P. Govindan Nair, C.J.
1. These tax revision cases relate to the sales tax assessments of the revision-petitioner for the two years 1967-68 and 1969-70. The Sales Tax Appellate Tribunal dealt with the appeals relating to the assessments for the two years by a common order. We heard the case together and since the question arising for decision is the same in both the cases, we too propose to dispose of the revision cases by a common judgment.
2. The question raised has been the subject-matter of several decisions and relates to the circumstances under which and the manner in which an estimate of turnover should be made in the case of assessment to sales tax. The principles to be applied in such cases, it is not disputed, should be the same as that applied in assessing a person to income-tax or agricultural income-tax when estimate of the income had to be made and on this question of estimate of income-tax the Judicial Committee had pronounced in Commissioner of Income-tax, Central and United Provinces v. Laxminarain Badridas  5 I.T.R. 170 (P.C). If we may say so with great respect, there is a classical statement in the judgment which has not been improved upon till now by the numerous pronouncements on the subject. We said so in a recent Full Bench decision  27 S.T.C. 459, of this Court after referring to the above decision as well as to the Full Bench decision of the Lahore High Court in Seth Gurmukh Singh v. Commissioner of Income-tax, Punjab  12 I.T.R. 393. It is unnecessary to refer to all these decisions in detail again because it is only a few years back we dealt with these matters rather elaborately in the Full Bench decision of this Court in P.P. Varghese v. State of Kerala  27 S.T.C. 459. We shall reiterate what can be done where an estimate has to be made. One has to remember in this connection that an estimate becomes necessary, even inevitable, as a result of the assessing authorities' difficulty in finding out the income or the turnover of the person to be assessed arising from no fault of the assessing authority. Any person who insists that an accurate and precise assessment ought to be made when the exact income or turnover is to be found out should keep correct and reliable accounts. Maintenance of such accounts is the basis on which he can rely and build up not only elaborate but sound arguments that the assessing authority should not deviate from the results reflected from such accounts, unless there are compelling reasons to establish that those accounts are unreliable, untrustworthy and not good enough for the purpose of determining the income or the turnover. When once the assessee has failed to furnish proof of his income or turnover in such a manner, the matter is, in a sense, at large, and a greater freedom is given to the assessing authority. The restraints on what he does, which has been repeatedly called an honest guess, are only that he should not act in an arbitrary, capricious or whimsical manner and further that there must be some relevant material forming the basis of his guess. Circumstances and material on which he can act may appear to be flimsy. The mere fact that the estimate is on the basis of a guess will not make the estimate liable to be set aside by a court as long as there is a nexus between the estimate made and the materials that were available before the assessing authority. It is unnecessary to refer to the numerous decisions on the subject. But we may extract a passage from the decision of the Supreme Court in Commissioner of Sales Tax, Madhya Pradesh v. H.M. Esufali H.M. Abdulali  32 S.T.C. 77 at 82 (S.C.). The Supreme Court observed:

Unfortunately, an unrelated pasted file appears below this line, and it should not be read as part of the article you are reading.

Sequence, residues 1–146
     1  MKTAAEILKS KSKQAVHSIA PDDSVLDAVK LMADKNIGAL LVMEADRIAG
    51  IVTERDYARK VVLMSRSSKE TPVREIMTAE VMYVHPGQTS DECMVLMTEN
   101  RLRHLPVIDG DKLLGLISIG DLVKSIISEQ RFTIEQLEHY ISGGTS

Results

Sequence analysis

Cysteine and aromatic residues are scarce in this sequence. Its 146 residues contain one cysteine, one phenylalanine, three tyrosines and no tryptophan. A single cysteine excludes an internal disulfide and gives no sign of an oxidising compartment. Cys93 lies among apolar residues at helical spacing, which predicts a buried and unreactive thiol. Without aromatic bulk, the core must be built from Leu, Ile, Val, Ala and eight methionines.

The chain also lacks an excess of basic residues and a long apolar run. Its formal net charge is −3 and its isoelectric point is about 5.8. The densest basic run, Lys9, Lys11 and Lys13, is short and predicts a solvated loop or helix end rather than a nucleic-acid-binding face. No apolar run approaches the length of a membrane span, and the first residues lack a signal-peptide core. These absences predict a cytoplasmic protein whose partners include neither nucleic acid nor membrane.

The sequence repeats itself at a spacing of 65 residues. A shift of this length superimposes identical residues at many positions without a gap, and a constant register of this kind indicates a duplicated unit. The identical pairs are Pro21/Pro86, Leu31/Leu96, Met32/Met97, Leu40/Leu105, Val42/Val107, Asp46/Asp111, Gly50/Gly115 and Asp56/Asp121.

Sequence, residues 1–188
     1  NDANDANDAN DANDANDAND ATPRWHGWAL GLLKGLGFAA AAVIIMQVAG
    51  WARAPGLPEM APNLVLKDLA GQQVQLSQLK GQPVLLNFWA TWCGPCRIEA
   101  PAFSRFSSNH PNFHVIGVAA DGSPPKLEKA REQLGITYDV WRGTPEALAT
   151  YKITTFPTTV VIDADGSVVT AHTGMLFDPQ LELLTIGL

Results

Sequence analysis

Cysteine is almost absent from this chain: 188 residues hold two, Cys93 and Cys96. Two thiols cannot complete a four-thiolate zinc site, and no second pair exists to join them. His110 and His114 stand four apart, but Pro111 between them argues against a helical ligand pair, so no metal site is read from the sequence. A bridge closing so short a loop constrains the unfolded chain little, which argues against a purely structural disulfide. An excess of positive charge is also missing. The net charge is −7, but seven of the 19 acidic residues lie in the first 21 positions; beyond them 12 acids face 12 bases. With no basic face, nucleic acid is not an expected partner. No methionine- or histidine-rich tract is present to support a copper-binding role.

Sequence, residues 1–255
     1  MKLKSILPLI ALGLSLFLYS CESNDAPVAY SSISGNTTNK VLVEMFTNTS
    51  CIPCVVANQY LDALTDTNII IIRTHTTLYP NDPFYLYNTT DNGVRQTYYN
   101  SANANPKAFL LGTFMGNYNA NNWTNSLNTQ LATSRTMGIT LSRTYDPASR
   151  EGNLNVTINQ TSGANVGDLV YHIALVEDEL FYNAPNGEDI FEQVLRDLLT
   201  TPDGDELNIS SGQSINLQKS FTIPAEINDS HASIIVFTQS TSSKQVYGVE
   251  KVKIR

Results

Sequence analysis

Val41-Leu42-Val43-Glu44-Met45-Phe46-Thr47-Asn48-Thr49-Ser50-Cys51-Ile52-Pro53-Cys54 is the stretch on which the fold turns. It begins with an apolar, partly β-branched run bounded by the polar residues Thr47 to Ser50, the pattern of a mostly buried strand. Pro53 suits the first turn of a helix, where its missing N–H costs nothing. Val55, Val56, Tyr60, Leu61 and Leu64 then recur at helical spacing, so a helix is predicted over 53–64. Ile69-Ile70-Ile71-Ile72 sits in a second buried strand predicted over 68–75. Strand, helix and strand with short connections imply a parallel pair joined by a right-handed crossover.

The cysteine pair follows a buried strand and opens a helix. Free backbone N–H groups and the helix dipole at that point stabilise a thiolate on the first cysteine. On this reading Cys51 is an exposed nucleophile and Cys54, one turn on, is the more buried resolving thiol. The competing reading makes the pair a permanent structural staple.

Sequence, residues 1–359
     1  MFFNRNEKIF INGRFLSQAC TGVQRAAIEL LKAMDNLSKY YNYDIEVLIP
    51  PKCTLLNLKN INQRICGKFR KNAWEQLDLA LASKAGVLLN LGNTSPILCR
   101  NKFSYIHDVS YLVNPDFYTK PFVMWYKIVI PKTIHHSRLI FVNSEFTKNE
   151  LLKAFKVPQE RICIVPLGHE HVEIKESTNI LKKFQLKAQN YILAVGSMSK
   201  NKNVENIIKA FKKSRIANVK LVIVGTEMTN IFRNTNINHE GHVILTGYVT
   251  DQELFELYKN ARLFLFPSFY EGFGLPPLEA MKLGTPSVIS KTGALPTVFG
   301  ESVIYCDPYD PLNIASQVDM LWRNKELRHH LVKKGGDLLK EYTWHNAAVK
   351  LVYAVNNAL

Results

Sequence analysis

So long as the estimate made by him is not arbitrary and has nexus with facts discovered, the same cannot be questioned. In the very nature of things the estimate made may be an over-estimate or an under-estimate. But that is no ground for interfering with his 'best judgment'.
3. Counsel for the assessee relied on the decision of this Court in P.P. Varghese v. State of Kerala  27 S.T.C. 459, and also the decision of the Madras High Court in Kalyani Oil Mills v. State of Madras  32 S.T.C. 542 at 546, as well as the decision of the Andhra Pradesh High Court in N. Raja Pullaiah v. Deputy Commercial Tax Officer, Kurnool  24 S.T.C. 90. This court in St. Teresa's Oil Mills v. State of Kerala  25 S.T.C. 497 only held that the current consumption by itself is no basis for rejecting the accounts of an assessee liable to be taxed under the Sales Tax Act. The decision is no authority for the proposition that the consumption of current can afford no material for making an estimate when the accounts were found to be unreliable. The Madras High Court in the decision in Kalyani Oil Mills v. State of Madras  32 S.T.C. 546 at 546 observed that current consumption can be a basis for making an estimate: